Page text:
The Facts on Delayed Cord Clamping

So there’s plenty of back and forth in the birth world surrounding the pros and cons of delayed cord clamping at birth.

The ACOG or American College of Obstetricians and Gynecologists have officially identified the recommended time period for cord clamping as 30 to 60 seconds after birth. This month they listed some of the proven benefits of this delay in cord clamping for both preterm and full term infants.

In the past, many people have suggested that delaying the clamping of a newborn’s umbilical cord results in improved blood quality, better brain development and even stretching as far as quality of life.

But what is the most recent ACOG conclusion?

This past December, the American College of Obstetricians and Gynecologists provided families and physicians with some concrete information regarding delayed clamping to consider. The ACOG identifies the benefits of delaying the clamping at least 30 seconds after birth provides preterm and full term infants with a healthy advantage.

Recent research shows that a delay in cord clamping equates to additional blood volume gained by the placenta after birth. This same study suggests that this blood volume correlated with improved developmental outcomes. 

In preterm infants, delayed clamping provides the newborn with significant advantages. These advantages include improved transitional circulation, establishment of red blood cells and increased red cell volume, decreases in hemorrhage and the serious intestinal disease called necrotizing enterocolitis.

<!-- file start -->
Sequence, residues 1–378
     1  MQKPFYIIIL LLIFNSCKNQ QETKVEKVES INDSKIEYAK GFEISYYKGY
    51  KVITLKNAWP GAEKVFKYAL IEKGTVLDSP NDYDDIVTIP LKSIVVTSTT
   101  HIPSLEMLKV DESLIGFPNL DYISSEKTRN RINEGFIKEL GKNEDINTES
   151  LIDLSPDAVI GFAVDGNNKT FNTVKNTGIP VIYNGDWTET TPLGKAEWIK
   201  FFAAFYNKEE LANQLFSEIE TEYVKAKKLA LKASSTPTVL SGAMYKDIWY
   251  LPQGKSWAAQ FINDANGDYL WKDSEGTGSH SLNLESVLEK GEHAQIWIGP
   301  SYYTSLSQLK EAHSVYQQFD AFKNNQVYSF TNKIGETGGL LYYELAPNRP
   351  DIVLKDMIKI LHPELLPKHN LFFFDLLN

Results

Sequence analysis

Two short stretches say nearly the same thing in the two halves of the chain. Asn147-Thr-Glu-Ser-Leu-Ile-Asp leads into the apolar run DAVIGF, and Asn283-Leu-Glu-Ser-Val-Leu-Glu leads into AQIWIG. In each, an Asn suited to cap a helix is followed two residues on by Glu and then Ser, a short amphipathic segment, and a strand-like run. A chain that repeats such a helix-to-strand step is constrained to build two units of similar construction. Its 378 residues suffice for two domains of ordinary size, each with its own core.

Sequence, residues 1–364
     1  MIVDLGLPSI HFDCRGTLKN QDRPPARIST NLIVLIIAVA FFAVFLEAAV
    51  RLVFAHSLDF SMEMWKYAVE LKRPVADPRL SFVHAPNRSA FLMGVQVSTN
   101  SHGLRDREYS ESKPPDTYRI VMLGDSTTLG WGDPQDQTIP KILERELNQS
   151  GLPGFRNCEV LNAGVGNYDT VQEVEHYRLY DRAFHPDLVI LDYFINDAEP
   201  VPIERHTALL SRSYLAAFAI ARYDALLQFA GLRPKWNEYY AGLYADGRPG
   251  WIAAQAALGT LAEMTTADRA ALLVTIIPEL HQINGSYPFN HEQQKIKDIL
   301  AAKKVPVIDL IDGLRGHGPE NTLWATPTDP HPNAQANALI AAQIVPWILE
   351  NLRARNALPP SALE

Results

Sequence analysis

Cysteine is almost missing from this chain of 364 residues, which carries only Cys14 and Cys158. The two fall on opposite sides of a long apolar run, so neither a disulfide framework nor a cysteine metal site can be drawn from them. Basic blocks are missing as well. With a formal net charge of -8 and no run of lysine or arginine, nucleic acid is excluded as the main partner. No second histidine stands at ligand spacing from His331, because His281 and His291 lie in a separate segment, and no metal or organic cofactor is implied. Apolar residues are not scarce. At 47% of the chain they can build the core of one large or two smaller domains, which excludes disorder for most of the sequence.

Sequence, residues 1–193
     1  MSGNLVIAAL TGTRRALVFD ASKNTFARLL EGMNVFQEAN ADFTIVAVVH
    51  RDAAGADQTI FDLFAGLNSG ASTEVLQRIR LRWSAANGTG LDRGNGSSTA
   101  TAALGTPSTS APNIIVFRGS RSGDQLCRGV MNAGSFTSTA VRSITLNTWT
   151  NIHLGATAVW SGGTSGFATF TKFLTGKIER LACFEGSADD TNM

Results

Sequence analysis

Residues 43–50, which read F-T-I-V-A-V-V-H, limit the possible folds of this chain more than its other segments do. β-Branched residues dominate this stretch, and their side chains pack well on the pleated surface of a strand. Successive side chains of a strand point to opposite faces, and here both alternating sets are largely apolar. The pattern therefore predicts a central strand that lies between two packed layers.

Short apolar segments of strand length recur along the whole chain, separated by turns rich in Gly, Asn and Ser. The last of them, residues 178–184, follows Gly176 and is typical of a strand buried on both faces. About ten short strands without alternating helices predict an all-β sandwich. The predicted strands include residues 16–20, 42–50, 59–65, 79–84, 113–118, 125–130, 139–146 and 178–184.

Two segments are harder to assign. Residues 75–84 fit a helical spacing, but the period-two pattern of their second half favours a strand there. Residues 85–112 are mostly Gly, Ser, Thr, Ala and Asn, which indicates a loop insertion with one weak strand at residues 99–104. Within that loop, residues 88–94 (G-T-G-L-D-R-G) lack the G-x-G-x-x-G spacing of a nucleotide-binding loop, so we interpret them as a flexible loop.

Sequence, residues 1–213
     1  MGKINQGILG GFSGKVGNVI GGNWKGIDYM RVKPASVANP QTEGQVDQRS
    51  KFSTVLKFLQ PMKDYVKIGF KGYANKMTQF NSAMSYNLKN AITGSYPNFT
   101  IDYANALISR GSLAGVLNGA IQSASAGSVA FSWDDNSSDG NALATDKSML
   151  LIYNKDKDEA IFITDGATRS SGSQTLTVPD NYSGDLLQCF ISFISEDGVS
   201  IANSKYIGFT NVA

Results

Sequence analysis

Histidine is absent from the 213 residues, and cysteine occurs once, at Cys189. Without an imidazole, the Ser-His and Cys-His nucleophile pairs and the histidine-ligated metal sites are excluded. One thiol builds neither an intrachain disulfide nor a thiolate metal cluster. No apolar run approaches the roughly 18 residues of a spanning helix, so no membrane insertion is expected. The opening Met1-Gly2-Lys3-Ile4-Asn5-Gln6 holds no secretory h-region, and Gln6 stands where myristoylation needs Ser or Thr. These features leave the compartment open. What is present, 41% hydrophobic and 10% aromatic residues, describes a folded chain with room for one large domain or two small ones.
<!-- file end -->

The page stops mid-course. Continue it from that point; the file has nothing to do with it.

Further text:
In both preterm and full term newborns, delayed clamping has been shown to improve iron levels and inhibit deficiency in their first year of life. Iron levels have been known to correspond with cognitive, motor and behavioral developments, making these levels extremely important.

Even though the topic is still being researched, it is yielding impressive conclusions. Scientists and researchers studying delayed clamping are looking to extend this study to a larger scale to better understand the pros and cons of delayed clamping. 

Research from various cord banking resources say that delaying does reduce the volume of blood for storage but shouldn’t discourage families from seeking more information about banking services if they’re interested.

Although it is a decision that many parents choose to include in their birth plans, ultimately doctors will make the decision on if/how long to clamp. Doctors will assess the baby’s health at birth and decide from there. If there are issues and baby needs to be taken, they won’t delay.

Armed with some emerging research in the field, delayed clamping is something worth discussing with your birth team.

The concept of delayed clamping is not a new process; in fact this discussion has been on the table for over 50 years. In the past, delayed clamping has been identified as anywhere from 30 seconds to 5 minutes maximum. Many practitioners and have been utilizing delayed cord clamping methods for a long time, and many will delay the clamp unless there is medical cause to sever immediately.

If you’re expecting, consider browsing some of the exciting research that will aid you in better understanding of the pros and cons surrounding delayed cord clamping to see if this method is right for you.